Neighborhood vibrancy can be hard to define; it's one of those concepts that you know when you see it.
In downtown Bellingham, vibrancy has returned in a big way after the district spent years finding itself.
Plenty of hand-wringing has taken place the past 25 years about what to do with downtown, particularly after the exodus of several large retailers when Bellis Fair mall opened in 1988. City government has made improvements over the years, including fixing sidewalks and planting trees, but it appears that organic growth of businesses and residences is turning the area into an attractive district for people to live, eat and shop.
For Scot Casey, co-owner of The Black Drop Coffee House, downtown's unique character is what makes it vibrant again.
"On my corner of Champion and Grand, I can look out and see lots of different walks of life," he says. "I see this as a beautiful place."
One way Casey gauges that vibrant character is looking at the posters on Black Drop's event wall. The wall was full at the end of June.
The Black Drop, itself, has a hand in creating or hosting some of the events, including a zombies versus survivors water balloon battle earlier this summer, and Monday night poetry readings.
"It's at the point where something is happening every night," Casey says.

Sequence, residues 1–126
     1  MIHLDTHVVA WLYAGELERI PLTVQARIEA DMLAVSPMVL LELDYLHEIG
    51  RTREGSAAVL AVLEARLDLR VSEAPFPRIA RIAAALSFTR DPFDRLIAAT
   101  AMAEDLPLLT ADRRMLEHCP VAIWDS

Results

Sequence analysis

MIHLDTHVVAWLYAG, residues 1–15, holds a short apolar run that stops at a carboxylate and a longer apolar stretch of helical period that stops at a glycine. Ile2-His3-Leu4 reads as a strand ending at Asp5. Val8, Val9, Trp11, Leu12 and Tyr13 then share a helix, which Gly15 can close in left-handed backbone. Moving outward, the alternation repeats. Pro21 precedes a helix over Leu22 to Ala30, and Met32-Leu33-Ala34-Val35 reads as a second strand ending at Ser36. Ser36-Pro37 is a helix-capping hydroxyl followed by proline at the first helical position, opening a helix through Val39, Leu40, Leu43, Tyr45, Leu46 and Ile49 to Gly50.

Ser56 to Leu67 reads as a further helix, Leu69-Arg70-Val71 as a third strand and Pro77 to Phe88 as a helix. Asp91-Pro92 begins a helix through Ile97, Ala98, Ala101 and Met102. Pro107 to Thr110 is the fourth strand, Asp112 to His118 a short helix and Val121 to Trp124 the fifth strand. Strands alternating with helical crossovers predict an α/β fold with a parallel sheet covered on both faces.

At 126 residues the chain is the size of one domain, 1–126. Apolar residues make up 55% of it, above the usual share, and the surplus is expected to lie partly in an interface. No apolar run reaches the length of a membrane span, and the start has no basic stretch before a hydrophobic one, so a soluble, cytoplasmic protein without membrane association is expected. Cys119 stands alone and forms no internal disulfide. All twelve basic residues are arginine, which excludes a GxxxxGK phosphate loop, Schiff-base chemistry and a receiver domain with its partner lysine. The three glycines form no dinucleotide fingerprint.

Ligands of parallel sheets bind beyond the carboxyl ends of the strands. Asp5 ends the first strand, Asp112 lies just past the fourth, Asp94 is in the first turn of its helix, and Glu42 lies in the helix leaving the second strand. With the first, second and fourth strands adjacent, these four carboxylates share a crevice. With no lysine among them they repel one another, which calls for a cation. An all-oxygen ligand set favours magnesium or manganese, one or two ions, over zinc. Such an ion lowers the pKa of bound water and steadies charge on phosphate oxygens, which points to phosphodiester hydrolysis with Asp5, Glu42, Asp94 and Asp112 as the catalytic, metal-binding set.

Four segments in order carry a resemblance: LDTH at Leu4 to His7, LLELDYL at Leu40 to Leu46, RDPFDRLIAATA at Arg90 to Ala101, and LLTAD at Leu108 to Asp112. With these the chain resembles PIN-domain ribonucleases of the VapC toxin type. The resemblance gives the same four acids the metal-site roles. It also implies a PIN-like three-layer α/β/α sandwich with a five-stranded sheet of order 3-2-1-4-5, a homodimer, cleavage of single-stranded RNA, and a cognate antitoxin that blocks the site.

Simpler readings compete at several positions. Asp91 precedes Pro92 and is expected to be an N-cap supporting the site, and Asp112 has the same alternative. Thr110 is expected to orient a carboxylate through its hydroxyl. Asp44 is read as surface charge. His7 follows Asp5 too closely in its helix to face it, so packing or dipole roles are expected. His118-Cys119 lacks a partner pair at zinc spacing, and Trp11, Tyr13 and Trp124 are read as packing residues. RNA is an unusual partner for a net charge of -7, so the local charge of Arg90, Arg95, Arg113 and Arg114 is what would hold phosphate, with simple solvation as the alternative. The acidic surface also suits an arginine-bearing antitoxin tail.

Evenings in downtown Bellingham have undergone significant change in recent years, too. Along with an increase in regular family-friendly events, such as the monthly Art Walk, the district is home to a steady stream of performances at Mount Baker Theatre and The Upfront Theatre. There's also two movie theaters downtown, and more retail businesses, not just bars, staying open later.
All of that activity requires adjustments for longtime residents who remember the once-sleepy downtown. When going to a restaurant on a weekend night, for example, people have learned they probably will have to wait for a seat at popular eateries.
Andi Vann opened Pure Bliss Desserts in October 2010 with the idea of having an evening place residents could go to after dinner, whether to catch up with friends after a theater show or to enjoy an after-dinner family treat. She felt there was a demand for an alternative to the bar scene that has been a familiar part of Bellingham's night life.
"It was a no-brainer to be open late, but the challenge was getting known," Vann says, adding that customers were a big part of that success. "When people find something they like, they tell others."
Still, it was a roll of the dice when Pure Bliss opened three years ago. At the time, businesses along Cornwall Avenue were opening and quickly closing.
Despite that, Vann says the liveliness of Cornwall has increased steadily. Having Chocolate Necessities as a neighbor has also been a factor in Pure Bliss' success, despite being a competitor.
The area is now known as the "sweet spot" for downtown at night. Along with Mallard's Ice Cream, a block away on Railroad Avenue, downtown visitors know where to stroll to work off that full feeling from dinner and to make room for dessert. It's also a way to enjoy the evening longer.
While Vann would love to see more eateries and maybe a pedestrian-only street, she's impressed by what she finds when she explores downtown herself.
"Downtown has so many amazing places to visit," she says. "When people visit me, I think it's great that we have more places than time to visit them all."